Decisions by the European Union have always been taken by consistently adhering to one sacred principle: unity. European Union member-states used to wait for the German signal before knowing that a decision would move forward. Once Germany would have had approval from France, the decision would already be set.
This German-led setup is no longer valid, today. EU member-states are becoming so frustrated at Germany’s failure to take the right decision with regard to Russia’s invasion of Ukraine that they have started taking decisions which would normally have been taken unanimously, unilaterally. It is incredibly remarkable how quickly European Union politics are changing right now. What has been the norm for many years is no longer acceptable. Europeans are pushing back against Germany’s absurd and illogical decisions and this pushback will only grow further as Germany keeps messing up its energy policy and as it retains its appeasement of Russia. The result is that Europe is being divided into two blocks: the complacent appeasers of Russia led by Germany, which includes France and (probably) soon-to-be far-right Italy, Malta and Hungary, and the other block of European nations who have their energy policy sorted and are taking a strong position against Russia, namely the Nordic countries and the Eastern Europeans. Spain with its energy policy in the right place is still sitting on the sidelines, but Sanchez’s political loyalties lie with Macron and Scholz.
This division is being marked by the issue of the Russian tourist-visa ban which Germany opposes. Finland, Denmark and Lithuania are moving ahead with reducing tourist visas for Russians despite Germany’s opposition, however, these countries are still insisting that the ban should still be applied across the EU. The decision to ban visas for Russian tourists is logical: it’s a security matter but it’s also a matter of principle. Russians should not be able to holiday in Europe while their state wages a genocidal war on a prospective member of the EU. And one should neither shy away from the Nazi comparison which is very fitting for Russia’s situation today. Many Russians believe that the West owes them something for the catastrophic economic collapse which followed the break-up of the Soviet Union. Russians can also hate the West, but they still make use of its freedoms, often to propagate Russian authoritarianism, all the while they suppress the same Western freedoms at home. The situation is bizarre at best, and many left-wingers embrace it by wittingly or unwittingly clinging to inherent authoritarian ideas, such as that Russians have no agency and that the war is not theirs. It’s a situation which reminds me of the scene in Leo Tolstoy’s War and Peace where the Russian elite indulges in French literature and music, speak French, and yet, they consider the French and Napoleon as devils, and this was before Napoleon had even invaded. In this regard, Adorno’s reference on anti-semites comes to mind. Adorno, who would have been terrified at Scholz and the left-wingers who support him, wrote an extensive treatise on the ideological and cultural cause of the rise of Nazism in The Dialectic of Enlightenment and writes:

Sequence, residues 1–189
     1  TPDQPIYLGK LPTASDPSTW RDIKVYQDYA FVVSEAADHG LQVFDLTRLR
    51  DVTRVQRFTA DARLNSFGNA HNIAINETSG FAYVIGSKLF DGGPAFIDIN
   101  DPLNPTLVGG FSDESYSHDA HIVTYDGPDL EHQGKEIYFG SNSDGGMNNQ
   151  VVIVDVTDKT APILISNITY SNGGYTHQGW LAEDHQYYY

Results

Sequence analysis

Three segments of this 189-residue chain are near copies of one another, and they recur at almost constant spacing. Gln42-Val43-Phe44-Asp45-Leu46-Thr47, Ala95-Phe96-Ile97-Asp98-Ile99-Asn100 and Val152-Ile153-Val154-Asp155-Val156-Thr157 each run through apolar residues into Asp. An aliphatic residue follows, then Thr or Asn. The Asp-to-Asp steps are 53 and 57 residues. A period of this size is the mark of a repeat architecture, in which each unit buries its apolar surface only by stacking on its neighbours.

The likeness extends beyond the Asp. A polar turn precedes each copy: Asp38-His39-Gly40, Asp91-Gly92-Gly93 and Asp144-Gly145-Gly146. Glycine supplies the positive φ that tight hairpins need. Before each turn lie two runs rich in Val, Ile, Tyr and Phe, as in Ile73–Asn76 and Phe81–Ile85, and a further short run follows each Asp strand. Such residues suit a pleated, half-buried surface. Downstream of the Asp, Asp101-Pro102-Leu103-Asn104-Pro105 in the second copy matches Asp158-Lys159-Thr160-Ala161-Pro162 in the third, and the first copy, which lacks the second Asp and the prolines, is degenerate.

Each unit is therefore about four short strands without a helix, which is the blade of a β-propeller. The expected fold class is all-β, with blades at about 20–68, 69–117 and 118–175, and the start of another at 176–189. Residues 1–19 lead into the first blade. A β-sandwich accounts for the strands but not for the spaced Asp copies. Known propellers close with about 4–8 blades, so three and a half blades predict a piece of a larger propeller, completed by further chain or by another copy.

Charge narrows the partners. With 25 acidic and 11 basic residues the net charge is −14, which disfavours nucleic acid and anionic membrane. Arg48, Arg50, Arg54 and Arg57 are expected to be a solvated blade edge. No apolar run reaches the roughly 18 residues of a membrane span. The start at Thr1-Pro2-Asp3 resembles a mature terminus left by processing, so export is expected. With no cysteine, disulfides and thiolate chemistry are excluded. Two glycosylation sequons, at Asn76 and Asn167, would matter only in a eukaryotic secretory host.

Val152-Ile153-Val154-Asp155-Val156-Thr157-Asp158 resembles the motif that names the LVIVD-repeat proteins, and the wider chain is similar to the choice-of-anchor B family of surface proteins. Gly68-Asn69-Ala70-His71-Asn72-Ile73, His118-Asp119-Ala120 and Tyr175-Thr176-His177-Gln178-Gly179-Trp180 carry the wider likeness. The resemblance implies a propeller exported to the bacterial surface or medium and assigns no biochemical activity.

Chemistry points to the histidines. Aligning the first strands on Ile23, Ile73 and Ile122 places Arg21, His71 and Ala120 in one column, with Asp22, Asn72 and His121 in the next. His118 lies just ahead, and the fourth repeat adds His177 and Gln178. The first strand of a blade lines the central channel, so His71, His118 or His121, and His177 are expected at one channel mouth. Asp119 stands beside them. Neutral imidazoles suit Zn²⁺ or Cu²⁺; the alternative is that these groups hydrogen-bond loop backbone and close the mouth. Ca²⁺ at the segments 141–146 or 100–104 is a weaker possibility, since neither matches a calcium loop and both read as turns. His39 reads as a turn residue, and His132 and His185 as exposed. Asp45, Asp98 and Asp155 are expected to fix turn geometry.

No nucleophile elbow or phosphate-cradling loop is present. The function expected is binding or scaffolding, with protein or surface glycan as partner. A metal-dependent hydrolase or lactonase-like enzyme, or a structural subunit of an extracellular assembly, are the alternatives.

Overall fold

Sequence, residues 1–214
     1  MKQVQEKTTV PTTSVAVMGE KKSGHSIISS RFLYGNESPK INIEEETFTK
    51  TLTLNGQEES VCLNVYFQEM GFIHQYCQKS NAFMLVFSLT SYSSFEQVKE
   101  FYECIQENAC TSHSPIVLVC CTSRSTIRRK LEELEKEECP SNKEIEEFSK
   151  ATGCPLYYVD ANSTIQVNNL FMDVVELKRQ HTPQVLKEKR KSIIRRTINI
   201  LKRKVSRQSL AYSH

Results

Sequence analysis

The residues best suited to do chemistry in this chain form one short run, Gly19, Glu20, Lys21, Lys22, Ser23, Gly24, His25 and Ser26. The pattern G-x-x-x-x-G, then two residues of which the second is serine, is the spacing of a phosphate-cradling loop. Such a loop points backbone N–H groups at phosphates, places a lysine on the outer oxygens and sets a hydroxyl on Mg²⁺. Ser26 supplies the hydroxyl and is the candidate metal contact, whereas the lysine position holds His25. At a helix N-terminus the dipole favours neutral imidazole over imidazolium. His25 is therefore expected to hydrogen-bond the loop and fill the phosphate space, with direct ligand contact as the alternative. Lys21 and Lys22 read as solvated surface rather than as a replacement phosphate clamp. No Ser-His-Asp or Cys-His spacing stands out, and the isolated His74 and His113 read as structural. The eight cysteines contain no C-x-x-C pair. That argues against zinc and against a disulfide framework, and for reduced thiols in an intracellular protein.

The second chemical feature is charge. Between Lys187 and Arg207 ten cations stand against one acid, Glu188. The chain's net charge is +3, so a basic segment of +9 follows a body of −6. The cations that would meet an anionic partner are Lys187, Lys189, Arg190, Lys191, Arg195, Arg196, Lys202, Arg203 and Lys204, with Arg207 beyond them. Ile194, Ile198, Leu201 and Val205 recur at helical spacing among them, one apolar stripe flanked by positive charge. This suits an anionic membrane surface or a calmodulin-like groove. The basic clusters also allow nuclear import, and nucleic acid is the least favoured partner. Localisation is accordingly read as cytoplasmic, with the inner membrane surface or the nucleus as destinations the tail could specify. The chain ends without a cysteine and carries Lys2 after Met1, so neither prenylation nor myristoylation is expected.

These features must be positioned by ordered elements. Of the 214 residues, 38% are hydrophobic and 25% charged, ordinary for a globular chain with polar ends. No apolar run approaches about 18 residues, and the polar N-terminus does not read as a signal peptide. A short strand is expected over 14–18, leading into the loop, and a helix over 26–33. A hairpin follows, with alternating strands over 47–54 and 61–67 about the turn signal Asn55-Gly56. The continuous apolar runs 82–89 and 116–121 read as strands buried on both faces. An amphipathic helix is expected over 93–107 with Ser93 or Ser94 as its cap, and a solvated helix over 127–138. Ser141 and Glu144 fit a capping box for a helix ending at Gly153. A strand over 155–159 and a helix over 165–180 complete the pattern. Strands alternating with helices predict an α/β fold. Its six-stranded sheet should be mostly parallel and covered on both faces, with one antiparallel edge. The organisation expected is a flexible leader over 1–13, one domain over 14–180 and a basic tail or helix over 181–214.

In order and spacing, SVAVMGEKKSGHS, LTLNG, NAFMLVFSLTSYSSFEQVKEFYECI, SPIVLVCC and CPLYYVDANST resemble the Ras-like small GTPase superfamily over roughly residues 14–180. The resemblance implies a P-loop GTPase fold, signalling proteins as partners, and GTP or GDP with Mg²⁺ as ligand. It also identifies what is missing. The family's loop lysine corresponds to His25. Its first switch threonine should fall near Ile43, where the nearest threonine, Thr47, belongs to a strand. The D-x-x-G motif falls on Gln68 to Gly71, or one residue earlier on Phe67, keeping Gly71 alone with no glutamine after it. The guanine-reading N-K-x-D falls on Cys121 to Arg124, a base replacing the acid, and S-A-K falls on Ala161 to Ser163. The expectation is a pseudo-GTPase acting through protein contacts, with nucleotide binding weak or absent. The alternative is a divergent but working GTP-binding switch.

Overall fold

“There is no anti-Semite who does not basically want to imitate his mental image of a Jew, which is composed of mimetic cyphers: the argumentative movement of a hand, the musical voice painting a vivid picture of things and feelings irrespective of the real content of what is said, and the nose – the physiognomic principium individuationis, symbol of the specific character of an individual, described between the lines of his countenance.”
Today, the Russian hatred towards Westerners is converging with the extremism of antisemitism. Russian TV hosts and top politicians call for the destruction of Europe with nuclear weapons. Europe is to be exterminated in order to allow Russia free reign in its imperialist ambitions. Russia should be kept pure in its ideals and united. You don’t want to give us tourist visas to enjoy the French Riveria? We’ll bomb you with nuclear weapons. In turn, Europe is accused of Russophobia.
The first step we should acknowledge is that Russia is already at war with Europe, economically. This should be enough to consider a tourist visa ban. The fact that Russia is committing a genocidal war should leave no doubts about the issue. Germany as the leading member of the European Union should have shown leadership and prioritised European security, but instead, it has chosen to remain in its myopic shell. This is one of Germany’s greatest historical failures which is creating a new opportunity in European politics. Southern Mediterranean countries can benefit greatly from this situation by aligning themselves with the Nordic block. Germany chose to punish Greece and the Southern Mediterranean during the Euro crisis, yet today, they are being asked to carry Germany’s burden over its disastrous energy policy. The Southern Mediterranean will choose the reasonable path or will learn the hard way that Germans won’t have any sympathy for them in their next economic crisis. Germany is morally bankrupt, opportunistic, myopic and self-destructive and those who follow it will lead to the same fate.